After co-writing a tepid kickoff to DC Comics’ “Convergence” event last week, Dan Jurgens takes a more confident step forward with “Convergence: Superman” #1, which features a version of Superman that he’s clearly far more comfortable and familiar with. The post-“Crisis,” pre-“Flashpoint” Superman is a character that was probably shaped more by Jurgens than any other creator, and that goes a long way towards making this issue surprisingly strong, despite the forcibly contrived role it’s fated to play. Adaptably illustrated by Lee Weeks, Jurgens’ positive and optimistic Man of Steel is convincingly contrasted by the darker heroes of the “Flashpoint” universe.
There are plenty of contrivances, though, and they come at macro- and micro-levels. The larger premise of “Convergence” finds cities conveniently and randomly plucked from their times and places in the multiverse and placed in quilt-like fashion on an otherwise barren battle world, pun intended; the smaller illogical coincidences require even more suspension of disbelief. The fight card on the inside front cover promotes a Gotham vs. Gotham showdown, but what readers get is largely a Superman vs. Captain Thunder throwdown. Not that there’s anything wrong with that; there is the familiar “Superman” logo at the top of Weeks’ eye-grabbing if misrepresentative cover, after all.
Jurgens, however, provides no plausible explanation as to why Superman and Lois Lane are even in Gotham to begin with. Sure, there’s a threadbare context established for the storyline, but it seems unnecessary when the characters could have just as easily been all warm and cozy in their own familiar Metropolis without any kind of manufactured backstory. One reality’s Metropolis facing off against another’s Gotham would maintain the ketchup and ice cream dichotomy that the event seems intent on evoking. It’s also a happy coincidence that so many of the “Flashpoint” world’s heroes happened to be in Gotham when it was whisked to this world.
Implausibilities aside, it’s hard to completely dislike Jurgens and Weeks’ story. The return of Jurgens’ 90’s incarnation of Superman is a welcome one, and the state of Lois’ and Clark’s relationship is a natural extension of events from that era that beg for exploration at some point. Similarly, the reappearance of the “Flashpoint” characters isn’t entirely unappreciated; these versions of Batman and other characters are worthy of additional exploits and get that opportunity here, even if ultimately their exposure is destined to be even briefer than their original appearances.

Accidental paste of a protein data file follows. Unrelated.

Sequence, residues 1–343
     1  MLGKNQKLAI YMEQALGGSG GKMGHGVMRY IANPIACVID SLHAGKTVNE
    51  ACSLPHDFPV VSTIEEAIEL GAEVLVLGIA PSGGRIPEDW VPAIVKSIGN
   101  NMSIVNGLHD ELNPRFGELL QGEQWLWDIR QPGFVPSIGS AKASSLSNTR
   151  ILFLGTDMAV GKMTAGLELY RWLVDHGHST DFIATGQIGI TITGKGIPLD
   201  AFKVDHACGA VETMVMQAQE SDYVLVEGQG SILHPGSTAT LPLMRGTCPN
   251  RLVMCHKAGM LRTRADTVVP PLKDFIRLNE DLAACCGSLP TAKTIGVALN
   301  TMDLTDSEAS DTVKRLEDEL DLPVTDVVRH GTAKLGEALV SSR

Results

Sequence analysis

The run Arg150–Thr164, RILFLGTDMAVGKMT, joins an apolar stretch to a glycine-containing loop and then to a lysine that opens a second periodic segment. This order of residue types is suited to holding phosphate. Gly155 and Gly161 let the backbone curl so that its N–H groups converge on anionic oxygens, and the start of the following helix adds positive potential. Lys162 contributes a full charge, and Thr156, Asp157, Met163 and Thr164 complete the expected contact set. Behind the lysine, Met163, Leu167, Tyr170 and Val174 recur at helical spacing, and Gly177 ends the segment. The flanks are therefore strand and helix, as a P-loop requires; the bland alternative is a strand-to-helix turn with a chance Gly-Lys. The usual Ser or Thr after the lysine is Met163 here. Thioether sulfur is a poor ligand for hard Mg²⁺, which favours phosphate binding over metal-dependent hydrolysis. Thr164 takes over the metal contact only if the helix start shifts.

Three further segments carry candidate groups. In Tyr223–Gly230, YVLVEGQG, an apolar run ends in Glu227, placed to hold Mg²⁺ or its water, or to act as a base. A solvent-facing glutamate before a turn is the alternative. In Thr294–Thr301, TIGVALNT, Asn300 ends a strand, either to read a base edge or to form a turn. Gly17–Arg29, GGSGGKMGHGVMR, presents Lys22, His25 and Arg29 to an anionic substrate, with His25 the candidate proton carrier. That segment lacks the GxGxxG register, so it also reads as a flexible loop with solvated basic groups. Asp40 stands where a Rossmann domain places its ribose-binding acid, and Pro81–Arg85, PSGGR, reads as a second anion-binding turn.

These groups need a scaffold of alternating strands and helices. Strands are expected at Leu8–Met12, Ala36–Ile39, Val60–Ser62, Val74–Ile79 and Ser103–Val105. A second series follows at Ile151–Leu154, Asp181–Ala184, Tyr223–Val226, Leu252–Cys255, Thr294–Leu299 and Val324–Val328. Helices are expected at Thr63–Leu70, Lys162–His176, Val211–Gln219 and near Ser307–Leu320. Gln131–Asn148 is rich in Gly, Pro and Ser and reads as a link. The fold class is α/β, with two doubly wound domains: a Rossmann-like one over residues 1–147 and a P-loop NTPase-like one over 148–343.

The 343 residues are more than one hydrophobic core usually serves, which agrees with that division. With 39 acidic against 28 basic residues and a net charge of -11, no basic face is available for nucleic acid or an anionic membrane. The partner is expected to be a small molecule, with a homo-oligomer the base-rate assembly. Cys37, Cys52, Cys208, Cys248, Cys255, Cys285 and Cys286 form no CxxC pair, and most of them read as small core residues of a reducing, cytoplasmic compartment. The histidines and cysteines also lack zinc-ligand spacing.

Weeks has a very simple and unassuming style that befits all of the varying moods of the issue; Superman’s fiery introduction is bold and iconic and made even more so by way of Brad Anderson’s orange and yellow overlays. The quiet moments between Superman and Lois are no less impressive; the two look every bit the perfect couple, even with Superman in full costume. The brief glimpse of the “Flashpoint” world is appropriately dark and reminiscent of the original series, which is also helped along by Anderson with largely darker tones. The all-too-quick battle between Superman and Captain Thunder, and subsequently the rest of this ersatz Justice League, is just plain fun thanks to Weeks’ layout and Jurgens’ dialogue.
Jurgens also establishes some nice banter between Clark and Lois, giving the issue a friendly, approachable feel despite its precarious hold on believability. There are multiple reasons why “Convergence: Superman” #1 can’t, couldn’t or shouldn’t work, but Jurgens and Weeks give it even more reasons why it can and does, even if just barely.